• George: Norma was the first girl I ever loved, we knew each other forever, growing up in a small town. I never really even thought anything about her, but then one day I asked her out and we went on a date. We didn't see each other for a long time after that. Then one day, I thought, 'I'm missing the boat here,' and we started dating again.

    • George: I didn't want to be 40 or 50 years old and still playing clubs,I didn't feel like I was making any progress, and I actually gave the band notice at one point. I began to have doubts about my abilities.

    • George: ( on his 'Classic Hits.') When you talk aobut my 'classic hits', that's kinda scary, I'm just glad that I've been fortunate to have a few hits. There are very few songs that I wish I hadn't cut, so I pretty much enjoy doing all of them. Of all the songs I've recorded, 'Amarillo By Morning' always sticks out in my mind.

    • George: (on Pure Country and making more movies) I loved making Pure Country, It was a great learning experience for me, seeing another part of the entertainment industry. Plus we had a lot of fun, made some new friends, and I think we made a pretty decent movie. Something would have to come along that really blew me away,I spent so much time away from home early on in my career, so to commit to [a film] would be tough, especially now that I've been trying to scale back on touring so I can spend more time at home.

    • George Strait: (on his performance anxiety ) Even today, I still get the same feeling any person gets before they have to do something in front of a large group of people, some call it 'butterflies' but for me it feels a lot bigger than that. I get so intense sometimes that I don't hear what people around me are saying. Then I go on and everything is normal again.

    • George: (on Sinatra) I met him one time in Texas, went to his show and went backstage right before he was getting on. He's a classy guy, Well, I always thought he was until he didn't use that song. [ They recorded a duet together ] I was kind of let down because I thought it had turned out really good. I was really mad. I really liked the cut that we did.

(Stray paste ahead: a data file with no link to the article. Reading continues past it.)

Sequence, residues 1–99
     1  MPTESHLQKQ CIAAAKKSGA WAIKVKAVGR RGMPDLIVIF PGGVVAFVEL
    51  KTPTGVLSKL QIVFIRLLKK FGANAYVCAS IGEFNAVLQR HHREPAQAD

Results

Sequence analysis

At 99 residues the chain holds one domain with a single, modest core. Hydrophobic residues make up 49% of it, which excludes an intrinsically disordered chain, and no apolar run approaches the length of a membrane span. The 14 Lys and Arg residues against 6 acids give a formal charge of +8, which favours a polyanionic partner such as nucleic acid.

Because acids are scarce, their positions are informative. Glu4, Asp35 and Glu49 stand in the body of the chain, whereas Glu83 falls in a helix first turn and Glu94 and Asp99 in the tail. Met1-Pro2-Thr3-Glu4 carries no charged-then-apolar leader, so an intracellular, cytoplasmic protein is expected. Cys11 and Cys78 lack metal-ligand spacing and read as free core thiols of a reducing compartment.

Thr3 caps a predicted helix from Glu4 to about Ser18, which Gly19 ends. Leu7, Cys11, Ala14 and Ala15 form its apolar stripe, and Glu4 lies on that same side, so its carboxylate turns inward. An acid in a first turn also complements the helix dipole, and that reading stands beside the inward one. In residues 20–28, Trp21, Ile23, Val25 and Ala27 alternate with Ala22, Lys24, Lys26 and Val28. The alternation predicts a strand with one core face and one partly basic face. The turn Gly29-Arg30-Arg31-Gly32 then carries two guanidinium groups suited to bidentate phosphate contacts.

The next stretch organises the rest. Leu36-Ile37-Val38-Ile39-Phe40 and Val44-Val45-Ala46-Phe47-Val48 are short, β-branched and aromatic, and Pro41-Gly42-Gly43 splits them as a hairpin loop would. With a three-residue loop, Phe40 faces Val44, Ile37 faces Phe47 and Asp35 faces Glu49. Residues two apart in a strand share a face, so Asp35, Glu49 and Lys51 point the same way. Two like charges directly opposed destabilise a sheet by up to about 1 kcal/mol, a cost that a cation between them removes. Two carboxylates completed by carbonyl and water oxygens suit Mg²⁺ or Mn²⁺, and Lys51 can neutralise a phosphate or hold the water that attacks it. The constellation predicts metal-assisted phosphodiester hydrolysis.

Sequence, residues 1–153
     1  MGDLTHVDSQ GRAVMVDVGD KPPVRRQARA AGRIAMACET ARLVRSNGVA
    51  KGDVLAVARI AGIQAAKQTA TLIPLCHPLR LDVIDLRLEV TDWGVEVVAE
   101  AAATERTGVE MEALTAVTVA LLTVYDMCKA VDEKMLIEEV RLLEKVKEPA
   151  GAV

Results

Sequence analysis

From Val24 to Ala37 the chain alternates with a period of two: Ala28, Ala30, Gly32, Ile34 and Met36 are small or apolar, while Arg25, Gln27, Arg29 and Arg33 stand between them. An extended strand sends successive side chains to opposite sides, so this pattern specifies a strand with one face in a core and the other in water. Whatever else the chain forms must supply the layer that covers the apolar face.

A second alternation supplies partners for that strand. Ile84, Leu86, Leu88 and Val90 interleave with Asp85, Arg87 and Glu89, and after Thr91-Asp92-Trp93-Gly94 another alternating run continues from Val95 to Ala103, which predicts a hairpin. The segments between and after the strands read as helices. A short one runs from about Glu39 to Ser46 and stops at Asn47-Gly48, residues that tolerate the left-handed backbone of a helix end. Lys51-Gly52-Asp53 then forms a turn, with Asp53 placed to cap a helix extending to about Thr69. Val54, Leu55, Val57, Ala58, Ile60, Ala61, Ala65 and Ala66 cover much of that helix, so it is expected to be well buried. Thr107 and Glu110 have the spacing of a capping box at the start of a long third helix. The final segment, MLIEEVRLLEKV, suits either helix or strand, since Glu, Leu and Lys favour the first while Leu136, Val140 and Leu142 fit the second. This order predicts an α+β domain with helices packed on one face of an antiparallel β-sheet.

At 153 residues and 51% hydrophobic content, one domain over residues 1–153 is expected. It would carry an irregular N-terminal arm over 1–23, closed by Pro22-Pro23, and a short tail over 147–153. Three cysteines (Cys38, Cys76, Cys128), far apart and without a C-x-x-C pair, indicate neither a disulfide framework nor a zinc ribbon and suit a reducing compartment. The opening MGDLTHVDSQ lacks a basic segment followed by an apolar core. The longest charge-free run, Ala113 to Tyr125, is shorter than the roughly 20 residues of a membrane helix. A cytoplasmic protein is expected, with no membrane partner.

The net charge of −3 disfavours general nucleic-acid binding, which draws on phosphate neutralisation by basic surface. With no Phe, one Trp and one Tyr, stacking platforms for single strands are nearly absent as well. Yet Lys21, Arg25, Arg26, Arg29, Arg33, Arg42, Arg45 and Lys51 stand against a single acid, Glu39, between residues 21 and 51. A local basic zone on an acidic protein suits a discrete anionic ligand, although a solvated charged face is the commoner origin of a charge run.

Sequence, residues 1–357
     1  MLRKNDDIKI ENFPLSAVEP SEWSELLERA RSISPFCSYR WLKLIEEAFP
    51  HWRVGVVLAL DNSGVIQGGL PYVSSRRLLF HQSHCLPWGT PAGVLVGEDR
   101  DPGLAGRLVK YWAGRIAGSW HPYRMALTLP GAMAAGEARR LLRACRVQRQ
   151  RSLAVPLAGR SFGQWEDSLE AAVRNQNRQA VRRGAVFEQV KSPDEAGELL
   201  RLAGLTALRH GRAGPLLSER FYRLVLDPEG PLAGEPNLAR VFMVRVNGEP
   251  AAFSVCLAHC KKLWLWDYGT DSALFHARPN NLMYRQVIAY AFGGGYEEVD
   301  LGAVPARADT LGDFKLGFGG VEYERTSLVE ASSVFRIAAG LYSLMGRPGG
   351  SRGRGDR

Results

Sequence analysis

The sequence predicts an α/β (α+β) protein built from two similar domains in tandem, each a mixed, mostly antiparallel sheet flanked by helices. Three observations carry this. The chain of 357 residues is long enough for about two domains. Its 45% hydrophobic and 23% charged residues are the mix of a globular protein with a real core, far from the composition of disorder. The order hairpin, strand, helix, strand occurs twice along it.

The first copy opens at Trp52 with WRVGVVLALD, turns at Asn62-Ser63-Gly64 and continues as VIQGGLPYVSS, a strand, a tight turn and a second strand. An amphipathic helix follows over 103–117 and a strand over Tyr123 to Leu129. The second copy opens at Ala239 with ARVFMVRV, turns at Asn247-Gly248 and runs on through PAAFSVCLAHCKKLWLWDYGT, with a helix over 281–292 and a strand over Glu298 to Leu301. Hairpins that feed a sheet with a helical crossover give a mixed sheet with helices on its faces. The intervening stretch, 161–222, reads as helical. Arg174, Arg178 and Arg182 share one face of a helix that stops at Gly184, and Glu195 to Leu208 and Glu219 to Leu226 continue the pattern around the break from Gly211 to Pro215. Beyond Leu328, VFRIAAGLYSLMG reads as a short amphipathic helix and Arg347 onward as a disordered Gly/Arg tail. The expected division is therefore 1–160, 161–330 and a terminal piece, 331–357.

• George: (on who he listens to ) I listen to Mark Chestnutt and thinks he's a great singer – and he really does good material, And Alan Jackson. "Gone Country' was such a great song, great song. My son listens to just about everybody so I get exposed to all of it.

    • George: (on his 'Retirement') I don't know where a lot of my fans got the idea that I was on the verge of retiring, but that couldn't be further from the truth, I just want them to know that as long as they're gonna keep coming to the shows, I'm going to keep coming out there and doing them. So don't think I'm quitting. It's great to have these fans. They're very important, and it's unbelievable to me that they're still coming out. I just want to say thank you to them.

    • George: (talking about his son) I came back from Nashville to Texas after cutting it [ Track "Check Yes Or No." ] and I was taking Bubba to school, He's usually in a bad mood in the morning and he doesn't talk much. I said, 'Bubba, I'm gonna play this song and I know you're gonna love it.' I could tell he was really perking up when I played it. He finally smiled and said, 'I was trying hard not to like it, but it's a cool song.'

    • George: (on Texas) Texas is home, and I love it here,I love it, every part of it, from the South Texas brush country, the Hill country where I went to college [Southwest Texas State University], to mountains of West Texas, the piney woods, the high plains and the coast. We've got it all. But at heart, I'm a brush popper."

    • George: I was reading a little article the other day.... and there was quote in there...somebody said that if you can survive time, well, eventually it will give you a gift. So, I've just been going along surviving time and tonight I got a couple gifts.

    • George: (on his CD "Carrying Your Love With Me") I like to think talent had alot to do with it. The material has been good and the timing had alot to do with it... I'm a country singer. I don't want to be in the middle of the road. A fella could get run over out there.

    • George: Always singing for the great state, for sure,But, you know, you don't want to do a song just because it's got Texas in it. Sometimes that can get a little hokey. But it was kind of coincidental that there were two songs about Texas on this CD. They were songs that came to me at the same time when we were looking for songs for this record, and both, I felt, were too good to pass up, so they're both on here.

    • George: I had wanted to sing a song with Lee Ann for a while,I think she's a great singer, and she always chooses great material to record. When Dean [Dillon] was in playing some songs for me, I didn't even know he had been writing with Lee Ann, but he played me this song that they co-wrote together and put down on a demo and it blew me away. So, that kind of did it. I wanted to do it and it turned out great.